Computer viruses, spy ware, hackers, spam. True paranoids have good reason to fear what is out in cyber space, lurking to corrupt and ultimately crash their innocent PC. Banks, insurance companies and department stores add firewalls, patches, and teams of technical experts to fend off the next cyber attack on customer information. Would-be criminals dream of sneaking into government computers for the challenge.
From identity theft to pranks, these types of invasive acts continue, despite security measures by the Operating System (OS) manufacturers. Microsoft offers free updates for its software via the web. Microsoft also offers patches for unforeseen vulnerability issues as they arise after marketing new software. To the unknowing PC user, many default settings in the newest Windows installs allow remote access to your PC, unless you manually turn the access off. (Rash, 2004)
Chip makers and OS writers are fighting back, trying to close one of the most exploited holes; the buffer overrun.
Viruses often create overruns by flooding a PC with more code or data than expected, leaving the excess code in an unprotected space on that system where it can execute. Windows XP with SP2--this feature sterilizes miscreant code that overflows programming boundaries by leaving it untagged. Desktops with this CPU enjoy the functionality today. However, Ullrich worries that network routers and mobile devices will not provide buffer overrun protection for some time. (PC World Dec, 2004)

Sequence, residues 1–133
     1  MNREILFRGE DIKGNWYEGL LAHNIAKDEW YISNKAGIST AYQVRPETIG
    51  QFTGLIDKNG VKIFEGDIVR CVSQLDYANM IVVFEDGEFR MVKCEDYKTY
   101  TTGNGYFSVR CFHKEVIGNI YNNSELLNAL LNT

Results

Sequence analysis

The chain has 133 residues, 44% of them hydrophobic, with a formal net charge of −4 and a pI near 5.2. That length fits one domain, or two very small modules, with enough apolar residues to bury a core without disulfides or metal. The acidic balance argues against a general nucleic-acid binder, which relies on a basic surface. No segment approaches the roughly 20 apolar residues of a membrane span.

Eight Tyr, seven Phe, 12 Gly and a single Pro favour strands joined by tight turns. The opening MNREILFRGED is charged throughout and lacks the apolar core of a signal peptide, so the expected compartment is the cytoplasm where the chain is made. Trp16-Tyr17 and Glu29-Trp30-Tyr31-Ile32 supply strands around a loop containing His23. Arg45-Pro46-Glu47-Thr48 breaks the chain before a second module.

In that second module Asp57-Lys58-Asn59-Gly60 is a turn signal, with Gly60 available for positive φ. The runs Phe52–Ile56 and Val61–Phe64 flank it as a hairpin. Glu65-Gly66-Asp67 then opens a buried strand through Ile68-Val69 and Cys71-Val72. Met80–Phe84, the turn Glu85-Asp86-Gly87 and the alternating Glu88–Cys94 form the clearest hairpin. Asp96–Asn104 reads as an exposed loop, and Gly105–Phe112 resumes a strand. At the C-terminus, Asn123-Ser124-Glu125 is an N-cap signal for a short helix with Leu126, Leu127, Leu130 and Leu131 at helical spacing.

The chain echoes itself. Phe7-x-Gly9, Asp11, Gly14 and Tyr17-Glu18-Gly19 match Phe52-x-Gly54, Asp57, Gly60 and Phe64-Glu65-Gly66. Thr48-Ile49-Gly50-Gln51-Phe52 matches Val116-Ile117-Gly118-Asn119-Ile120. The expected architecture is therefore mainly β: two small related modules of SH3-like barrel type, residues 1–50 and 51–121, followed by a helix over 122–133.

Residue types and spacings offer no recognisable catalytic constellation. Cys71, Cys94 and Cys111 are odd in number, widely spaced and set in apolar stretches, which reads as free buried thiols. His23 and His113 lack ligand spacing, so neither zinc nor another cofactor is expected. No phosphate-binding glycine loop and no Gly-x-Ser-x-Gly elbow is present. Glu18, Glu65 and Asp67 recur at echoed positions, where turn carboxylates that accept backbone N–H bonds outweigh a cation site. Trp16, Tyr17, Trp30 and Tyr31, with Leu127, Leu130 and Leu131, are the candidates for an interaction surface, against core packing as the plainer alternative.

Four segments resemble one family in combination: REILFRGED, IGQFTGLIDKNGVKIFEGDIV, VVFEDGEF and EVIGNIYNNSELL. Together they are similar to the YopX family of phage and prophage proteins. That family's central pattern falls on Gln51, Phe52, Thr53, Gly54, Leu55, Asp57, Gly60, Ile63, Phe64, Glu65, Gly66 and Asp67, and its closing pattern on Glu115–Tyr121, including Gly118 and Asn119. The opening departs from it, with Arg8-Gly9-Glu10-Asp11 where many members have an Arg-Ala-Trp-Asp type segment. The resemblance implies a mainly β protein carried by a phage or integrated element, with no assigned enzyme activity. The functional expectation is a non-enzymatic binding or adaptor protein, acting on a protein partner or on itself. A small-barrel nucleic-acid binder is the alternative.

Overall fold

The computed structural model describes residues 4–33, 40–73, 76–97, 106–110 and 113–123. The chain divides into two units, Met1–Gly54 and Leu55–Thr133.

There are options other than Microsoft, called open-source programs. Many are as good or better than their Microsoft counterparts, others literally are headaches. Some of those are LINUX, requiring you to repartition your hard drive to make space for it. There is a version called Mandrakelinux with a built in portioning program. FOXFIRE is a web browser similar to Internet Explorer, not plagued by spy ware. OPENOFFICE is...